Chechnya was a disaster zone and remained a disaster zone. Institutions simply did not function there. Bright young men and a few women had previously headed for Moscow to get an education and a job. Now all this stopped - not only in Chechnya, but in the whole of the north Caucasus. The "blacks", as they are derisively known in Russia, were not wanted in Moscow. The only business left was crime. Kidnapping became a national pastime. Economic and social despair spawned another activity - joining a Muslim group that promised to liberate all Muslims from the Russian yoke. A jihad, a holy war, had a powerful emotional appeal. It provided focus, comradeship, a noble cause and the promise that those dying in the struggle would go to paradise. Now, the average Chechen is no fundamentalist, but he accepts Islam as a guide and an identity. It helps to set him apart from the Russians.

The situation in the other troublesome region, Dagestan, also favoured the promotion of crime as business but Dagestanis are not as dynamic, aggressive and fierce in their convictions as the Chechens. This has to do with the fact that there are 14 main nationalities in the republic, as well as many other smaller nations, and this has produced a society that is more willing to seek a compromise.

On 31 August the first Moscow bomb exploded in the Manege shopping mall in Moscow. Urban terrorism had arrived in Moscow for the first time. On 13 September another bomb in Moscow killed at least 118. Who is responsible for the Moscow bombings?

Vladimir Putin, the Russian prime minister, saw a direct link between the militants and bombs and swore to follow then "even into the toilets" to destroy them. Then on 23 September Moscow began its aerial attacks on Grozny to crush the militants. But instead of bombing bases they destroyed a TV tower, telecommunications, the airport, oil installations and other arteries of the Chechen republic.

The head of the air force claimed that the bombing could continue for a month. The tactics are similar to those of Nato in Yugoslavia. Smart bombs are used to minimise civilian casualties. The Russians appear to be making the point that what Nato did in Yugoslavia, they can do in Chechnya. There is also the fact that the Russian military are in no state to launch a ground war in the Caucasus. General Igor Sergeev, Minister of Defence, has devoted probably half the military budget over the last three years to an intercontinental ballistic missile with a range of 6,000 miles. Little money has trickled down to the army.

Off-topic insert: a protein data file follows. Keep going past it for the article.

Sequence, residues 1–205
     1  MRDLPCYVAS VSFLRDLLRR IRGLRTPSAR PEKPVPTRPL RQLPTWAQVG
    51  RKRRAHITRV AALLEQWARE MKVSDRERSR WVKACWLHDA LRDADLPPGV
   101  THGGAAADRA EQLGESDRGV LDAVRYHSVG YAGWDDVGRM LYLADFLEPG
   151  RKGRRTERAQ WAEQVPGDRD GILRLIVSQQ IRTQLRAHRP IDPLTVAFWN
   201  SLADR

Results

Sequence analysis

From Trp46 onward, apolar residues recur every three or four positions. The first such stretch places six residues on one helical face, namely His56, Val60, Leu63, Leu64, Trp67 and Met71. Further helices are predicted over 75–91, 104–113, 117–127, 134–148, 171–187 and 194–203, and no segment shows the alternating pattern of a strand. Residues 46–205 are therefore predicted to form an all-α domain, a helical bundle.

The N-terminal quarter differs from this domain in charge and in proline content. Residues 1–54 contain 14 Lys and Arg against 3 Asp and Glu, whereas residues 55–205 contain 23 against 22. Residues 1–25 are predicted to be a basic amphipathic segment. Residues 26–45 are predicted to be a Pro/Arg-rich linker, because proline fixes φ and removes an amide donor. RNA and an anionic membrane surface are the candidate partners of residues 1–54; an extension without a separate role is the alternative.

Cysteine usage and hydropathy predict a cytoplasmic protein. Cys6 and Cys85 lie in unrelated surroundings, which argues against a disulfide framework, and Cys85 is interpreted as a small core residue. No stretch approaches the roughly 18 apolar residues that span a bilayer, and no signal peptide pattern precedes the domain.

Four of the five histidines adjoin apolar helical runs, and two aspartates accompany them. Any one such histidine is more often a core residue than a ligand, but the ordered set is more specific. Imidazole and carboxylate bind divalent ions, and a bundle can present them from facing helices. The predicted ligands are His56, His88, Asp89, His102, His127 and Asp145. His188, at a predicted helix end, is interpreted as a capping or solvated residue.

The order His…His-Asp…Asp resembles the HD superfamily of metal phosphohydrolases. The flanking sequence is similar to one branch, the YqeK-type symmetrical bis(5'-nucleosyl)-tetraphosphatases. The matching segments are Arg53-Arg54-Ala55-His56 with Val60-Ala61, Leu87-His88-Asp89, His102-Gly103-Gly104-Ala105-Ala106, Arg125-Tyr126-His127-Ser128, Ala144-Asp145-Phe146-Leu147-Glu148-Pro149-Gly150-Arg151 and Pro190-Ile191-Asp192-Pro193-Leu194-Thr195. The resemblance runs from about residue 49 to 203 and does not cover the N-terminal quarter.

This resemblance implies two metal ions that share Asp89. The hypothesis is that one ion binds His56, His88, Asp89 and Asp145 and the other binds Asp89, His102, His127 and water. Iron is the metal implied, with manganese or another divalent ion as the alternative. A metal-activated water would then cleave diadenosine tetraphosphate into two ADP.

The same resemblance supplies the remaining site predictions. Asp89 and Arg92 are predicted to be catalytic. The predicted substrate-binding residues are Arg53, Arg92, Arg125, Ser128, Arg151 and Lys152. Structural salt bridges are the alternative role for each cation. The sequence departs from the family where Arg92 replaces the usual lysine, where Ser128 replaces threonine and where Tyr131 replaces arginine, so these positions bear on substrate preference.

What is Moscow's reasoning behind its show of military force in the Caucasus? It is to demonstrate to the rebels that they will not prise Dagestan or Chechnya away from the Russian Federation. It is also to boost Vladimir Putin's chances of becoming the next president. If he fails in the Caucasus, Yeltsin will throw him on to the political scrap heap. To the Russians, events in the north Caucasus are not fortuitous; they are part of a chain that stretches from Afghanistan to Kosovo, all masterminded by Osama bin Laden. To Moscow, Islam is on the march and it has to be stopped. The US and Britain will not intervene and prevent Moscow's power being asserted. China will support Russia, as it has its own Muslim troubles in Xinjiang. Iran says it "condemns terrorism in all its manifestations and supports measures taken by the Moscow government to normalise the situation in the north Caucasus".

Moscow now has carte blanche to visit war on the Chechens. President Maskhadov has called for a cessation of the bombings and peace discussions but his words go unheard. Can the Russians win in the north Caucasus? No, but they can destroy the infrastructure of the region and pave the way for Islamic groups to replace the present secular leaderships. Control of the skies gives Moscow easy victories today, but tomorrow it may reap the whirlwind.

The writer recently retired from the University of London, where he taught Russian politics for 30 years